The Ghost Writer

Philip Roth
Ballantine Books, 1979

50696The Ghost Writer is a handy little primer for an aspiring literary writer. After following the young, on-the-cusp, nationally renowned writer Nathan Zuckerman through twenty-four hours of visiting his literary idol, E.I. Lonoff, there should be a quiz.

1. Are you up to the moral character of Lonoff who can turn down a National Book Award so he doesn’t feel the pressure of the public to write what is popular?

2. Do you have enough “strong opinions” to get in a word edgewise with the “terrifying intellectual personalities” that will tear your work and you apart?

3. Are you able to marry a person who affords you a comfortable life in a rural setting with a suitable demographic address while you are an underpaid academic with time on your hands?

4. Would it matter if said spouse went crazy with jealousy (of nubile students, admirers), fear (of your obsessive need for quiet and routine), and boredom (of your boring personality that refuses a social life)?

5. Are you ready to relinquish all familial love of extended family due to what you have written?

6. Like Zuckerman, can you also meet a stranger and conjure an interesting background that brings an icon like Anne Frank to life in the beautiful woman sitting next to you for fresh writing fodder?

I think six questions are enough. Two hundred twenty-two pages were enough to make the issues pointed and impossible to ignore in the literary writer’s life. After witnessing the fifty-five years of Lonoff’s life what will the young Zuckerman do?

One thing I think could be done with this book is shorten a few of the sentences. The longest one I counted was one hundred twenty-two words. I felt like I was with a friend who hadn’t eaten all day and after a gin and tonic has a mouth racing a freight train, which may be the desired effect and can feel pretty good.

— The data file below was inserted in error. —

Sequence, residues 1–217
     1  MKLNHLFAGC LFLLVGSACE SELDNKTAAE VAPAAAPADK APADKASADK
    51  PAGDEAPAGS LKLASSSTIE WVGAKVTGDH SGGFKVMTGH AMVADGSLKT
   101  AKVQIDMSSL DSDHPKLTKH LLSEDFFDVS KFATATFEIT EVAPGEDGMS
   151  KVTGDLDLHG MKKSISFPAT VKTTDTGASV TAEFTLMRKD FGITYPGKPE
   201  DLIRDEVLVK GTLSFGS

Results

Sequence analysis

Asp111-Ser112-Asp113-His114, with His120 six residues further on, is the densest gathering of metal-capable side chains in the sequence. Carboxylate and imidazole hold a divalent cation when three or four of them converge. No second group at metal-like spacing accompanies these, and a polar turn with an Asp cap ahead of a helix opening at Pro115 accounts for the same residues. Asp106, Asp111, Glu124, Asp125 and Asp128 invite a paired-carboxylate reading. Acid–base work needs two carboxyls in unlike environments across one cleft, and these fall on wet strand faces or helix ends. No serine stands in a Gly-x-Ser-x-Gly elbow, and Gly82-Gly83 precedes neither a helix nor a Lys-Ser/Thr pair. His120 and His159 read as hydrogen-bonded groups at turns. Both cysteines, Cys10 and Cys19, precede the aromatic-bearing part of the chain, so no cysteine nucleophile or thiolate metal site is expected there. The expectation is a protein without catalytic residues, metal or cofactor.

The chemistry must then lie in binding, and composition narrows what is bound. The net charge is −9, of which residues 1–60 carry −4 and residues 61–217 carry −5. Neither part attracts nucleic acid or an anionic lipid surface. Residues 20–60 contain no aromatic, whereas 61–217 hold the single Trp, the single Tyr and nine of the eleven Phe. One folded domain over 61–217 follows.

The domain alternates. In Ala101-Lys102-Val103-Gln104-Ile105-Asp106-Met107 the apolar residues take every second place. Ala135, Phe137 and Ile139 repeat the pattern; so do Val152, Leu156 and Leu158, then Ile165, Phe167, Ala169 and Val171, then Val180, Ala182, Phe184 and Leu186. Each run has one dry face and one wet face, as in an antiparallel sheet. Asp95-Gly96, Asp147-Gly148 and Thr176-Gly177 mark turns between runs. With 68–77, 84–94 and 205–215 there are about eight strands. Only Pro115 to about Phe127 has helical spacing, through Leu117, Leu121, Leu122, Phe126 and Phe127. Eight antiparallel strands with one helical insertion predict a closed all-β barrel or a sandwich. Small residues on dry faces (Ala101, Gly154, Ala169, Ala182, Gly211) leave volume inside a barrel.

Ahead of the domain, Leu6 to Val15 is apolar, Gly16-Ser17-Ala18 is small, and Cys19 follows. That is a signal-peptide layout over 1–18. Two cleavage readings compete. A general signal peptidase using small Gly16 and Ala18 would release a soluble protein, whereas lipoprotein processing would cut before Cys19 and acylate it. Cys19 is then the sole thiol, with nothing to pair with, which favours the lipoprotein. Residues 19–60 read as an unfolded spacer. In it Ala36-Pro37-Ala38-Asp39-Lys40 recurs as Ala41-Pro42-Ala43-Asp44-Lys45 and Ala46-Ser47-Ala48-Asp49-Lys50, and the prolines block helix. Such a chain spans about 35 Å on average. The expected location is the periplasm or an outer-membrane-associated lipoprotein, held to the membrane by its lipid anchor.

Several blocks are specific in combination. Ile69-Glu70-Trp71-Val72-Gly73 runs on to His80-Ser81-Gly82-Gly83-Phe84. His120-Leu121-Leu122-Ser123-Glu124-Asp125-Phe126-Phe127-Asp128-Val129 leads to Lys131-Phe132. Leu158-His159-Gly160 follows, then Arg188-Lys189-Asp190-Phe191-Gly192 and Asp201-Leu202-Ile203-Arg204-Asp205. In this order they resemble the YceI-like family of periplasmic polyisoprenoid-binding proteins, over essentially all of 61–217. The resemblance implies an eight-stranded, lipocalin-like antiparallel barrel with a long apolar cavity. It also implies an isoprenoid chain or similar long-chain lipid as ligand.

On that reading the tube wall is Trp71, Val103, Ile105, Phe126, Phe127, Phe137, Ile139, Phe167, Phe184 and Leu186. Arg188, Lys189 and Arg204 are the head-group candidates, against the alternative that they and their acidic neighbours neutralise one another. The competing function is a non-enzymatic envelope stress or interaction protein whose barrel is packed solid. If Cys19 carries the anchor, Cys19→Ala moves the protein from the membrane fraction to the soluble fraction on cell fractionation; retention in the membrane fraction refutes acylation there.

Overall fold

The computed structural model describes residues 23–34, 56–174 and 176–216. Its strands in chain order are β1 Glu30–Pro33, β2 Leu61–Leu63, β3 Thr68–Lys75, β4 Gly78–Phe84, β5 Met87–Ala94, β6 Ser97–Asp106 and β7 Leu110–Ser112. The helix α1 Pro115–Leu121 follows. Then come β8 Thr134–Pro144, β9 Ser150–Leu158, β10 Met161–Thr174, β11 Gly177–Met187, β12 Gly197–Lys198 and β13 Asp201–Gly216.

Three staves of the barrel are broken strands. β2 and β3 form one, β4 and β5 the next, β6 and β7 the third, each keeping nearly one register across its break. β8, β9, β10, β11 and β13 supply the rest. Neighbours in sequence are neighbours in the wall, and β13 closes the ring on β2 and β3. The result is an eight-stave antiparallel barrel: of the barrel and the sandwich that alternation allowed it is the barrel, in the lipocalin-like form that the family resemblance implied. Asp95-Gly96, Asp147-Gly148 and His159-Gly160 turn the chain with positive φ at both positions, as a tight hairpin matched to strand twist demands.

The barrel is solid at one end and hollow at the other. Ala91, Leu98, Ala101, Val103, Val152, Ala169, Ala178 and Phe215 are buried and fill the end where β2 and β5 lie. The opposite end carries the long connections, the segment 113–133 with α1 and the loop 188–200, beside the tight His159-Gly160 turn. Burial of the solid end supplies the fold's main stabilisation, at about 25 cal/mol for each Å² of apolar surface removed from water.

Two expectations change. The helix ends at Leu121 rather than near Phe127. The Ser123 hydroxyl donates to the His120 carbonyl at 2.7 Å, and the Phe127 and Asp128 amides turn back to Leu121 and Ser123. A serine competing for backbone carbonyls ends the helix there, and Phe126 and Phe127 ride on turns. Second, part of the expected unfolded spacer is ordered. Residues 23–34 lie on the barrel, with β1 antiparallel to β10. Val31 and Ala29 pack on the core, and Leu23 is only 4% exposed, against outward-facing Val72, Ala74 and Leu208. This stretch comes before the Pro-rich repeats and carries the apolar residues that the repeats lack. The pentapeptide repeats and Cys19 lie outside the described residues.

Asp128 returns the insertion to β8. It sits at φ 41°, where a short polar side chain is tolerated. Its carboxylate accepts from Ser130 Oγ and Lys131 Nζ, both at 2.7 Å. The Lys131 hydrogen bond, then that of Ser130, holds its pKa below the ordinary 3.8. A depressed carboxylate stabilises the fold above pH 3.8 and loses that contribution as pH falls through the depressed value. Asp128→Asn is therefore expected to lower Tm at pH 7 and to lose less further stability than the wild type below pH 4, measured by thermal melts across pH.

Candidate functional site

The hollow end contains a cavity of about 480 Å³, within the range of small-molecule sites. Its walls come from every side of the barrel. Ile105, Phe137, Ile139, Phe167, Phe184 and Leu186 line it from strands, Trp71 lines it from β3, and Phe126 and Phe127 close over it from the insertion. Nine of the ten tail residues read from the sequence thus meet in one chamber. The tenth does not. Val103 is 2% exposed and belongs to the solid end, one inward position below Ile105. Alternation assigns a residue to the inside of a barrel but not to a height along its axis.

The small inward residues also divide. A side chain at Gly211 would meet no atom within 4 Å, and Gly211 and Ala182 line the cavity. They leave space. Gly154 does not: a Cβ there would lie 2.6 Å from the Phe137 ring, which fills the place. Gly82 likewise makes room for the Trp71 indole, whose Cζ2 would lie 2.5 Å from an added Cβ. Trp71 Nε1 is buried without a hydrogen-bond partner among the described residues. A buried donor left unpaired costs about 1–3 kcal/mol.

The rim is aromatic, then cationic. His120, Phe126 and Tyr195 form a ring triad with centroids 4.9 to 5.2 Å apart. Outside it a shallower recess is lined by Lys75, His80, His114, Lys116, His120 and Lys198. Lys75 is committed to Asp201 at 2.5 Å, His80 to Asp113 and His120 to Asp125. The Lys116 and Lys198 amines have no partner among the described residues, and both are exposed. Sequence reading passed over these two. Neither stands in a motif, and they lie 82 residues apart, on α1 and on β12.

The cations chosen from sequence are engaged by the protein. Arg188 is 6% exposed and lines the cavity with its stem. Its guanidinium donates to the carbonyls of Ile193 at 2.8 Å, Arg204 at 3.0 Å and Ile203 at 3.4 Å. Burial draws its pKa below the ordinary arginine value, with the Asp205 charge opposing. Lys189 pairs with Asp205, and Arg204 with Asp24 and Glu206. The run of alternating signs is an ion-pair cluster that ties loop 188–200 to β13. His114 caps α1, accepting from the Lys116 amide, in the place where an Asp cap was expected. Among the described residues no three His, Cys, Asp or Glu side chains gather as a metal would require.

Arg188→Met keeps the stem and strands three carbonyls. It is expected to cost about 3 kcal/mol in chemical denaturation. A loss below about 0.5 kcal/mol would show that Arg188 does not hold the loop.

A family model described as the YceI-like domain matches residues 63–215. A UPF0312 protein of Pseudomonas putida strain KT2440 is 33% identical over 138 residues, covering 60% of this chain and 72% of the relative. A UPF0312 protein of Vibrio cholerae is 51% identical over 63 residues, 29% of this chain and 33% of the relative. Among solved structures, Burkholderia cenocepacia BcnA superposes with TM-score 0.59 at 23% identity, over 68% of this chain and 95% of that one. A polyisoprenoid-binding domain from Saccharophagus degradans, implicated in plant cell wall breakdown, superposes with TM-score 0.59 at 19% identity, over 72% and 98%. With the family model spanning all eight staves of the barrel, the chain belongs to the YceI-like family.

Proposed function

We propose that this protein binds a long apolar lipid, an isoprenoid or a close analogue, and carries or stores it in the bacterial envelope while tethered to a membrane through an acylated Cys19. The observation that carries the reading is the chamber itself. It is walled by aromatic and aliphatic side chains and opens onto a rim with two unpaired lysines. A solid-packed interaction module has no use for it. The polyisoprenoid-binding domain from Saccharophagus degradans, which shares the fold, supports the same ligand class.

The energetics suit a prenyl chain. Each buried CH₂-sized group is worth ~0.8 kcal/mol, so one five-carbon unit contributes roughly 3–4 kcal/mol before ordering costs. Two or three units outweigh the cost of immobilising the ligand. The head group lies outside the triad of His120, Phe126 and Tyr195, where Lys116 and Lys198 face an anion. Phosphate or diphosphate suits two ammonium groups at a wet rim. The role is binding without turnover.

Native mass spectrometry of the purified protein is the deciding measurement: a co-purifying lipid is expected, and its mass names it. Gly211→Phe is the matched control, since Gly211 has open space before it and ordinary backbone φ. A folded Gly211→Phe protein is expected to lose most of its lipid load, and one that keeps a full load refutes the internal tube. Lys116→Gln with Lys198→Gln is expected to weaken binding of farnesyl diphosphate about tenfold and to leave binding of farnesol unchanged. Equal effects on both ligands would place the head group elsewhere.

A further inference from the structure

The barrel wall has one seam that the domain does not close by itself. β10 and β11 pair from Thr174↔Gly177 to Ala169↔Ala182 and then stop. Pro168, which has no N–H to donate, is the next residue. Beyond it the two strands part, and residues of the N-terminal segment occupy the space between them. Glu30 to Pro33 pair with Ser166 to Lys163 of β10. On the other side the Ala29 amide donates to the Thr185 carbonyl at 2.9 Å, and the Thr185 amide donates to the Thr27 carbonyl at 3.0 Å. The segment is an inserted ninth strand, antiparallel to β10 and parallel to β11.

It’s been a long time since I’ve read Roth and it reminded me of the pre-computer days of contemporary writing. Roth came on the scene in 1959 with the made-to-move Goodbye Columbus and continued with shelves of bestsellers. What is common in his books, as it was at the time, is the strength of Jewish culture in literary writing. Now there are so many more genres and popular niches that have joined in that reading Roth was surprisingly nostalgic to my days of restricted literary introduction.

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4 Responses to The Ghost Writer

  1. Bumba says:

    If you want a full dose of Philip Roth and long sentences try his Great American Novel, which opens with an alliterative ramble by Word Smith the great sportswriter and Roth’s narrator, who writes the GAN about baseball of course (and the great baseball conspiracy that has robbed America etc etc.) I thought that book was a brilliant effort, and some of his shorter novels were great too. His later stuff seems to be all about Roth, which could describe his early work too. I always liked his writing a lot.

  2. Thanks, I’ll look for the book. Lately I’ve been reading older books because newer ones seem more like marketing and the author trying to be famous. It’s not always true, I know, but I think most writing is about the writer one way or another.

  3. I love these points, especially the one about being able to marry someone who can keep you up.

  4. rebecca says:

    I like that, too. It’s both funny and true. On 60 Minutes last night they interviewed CEO of Facebook, Sheryl Sandberg, and she said the same thing, but her connotation was much more positive.

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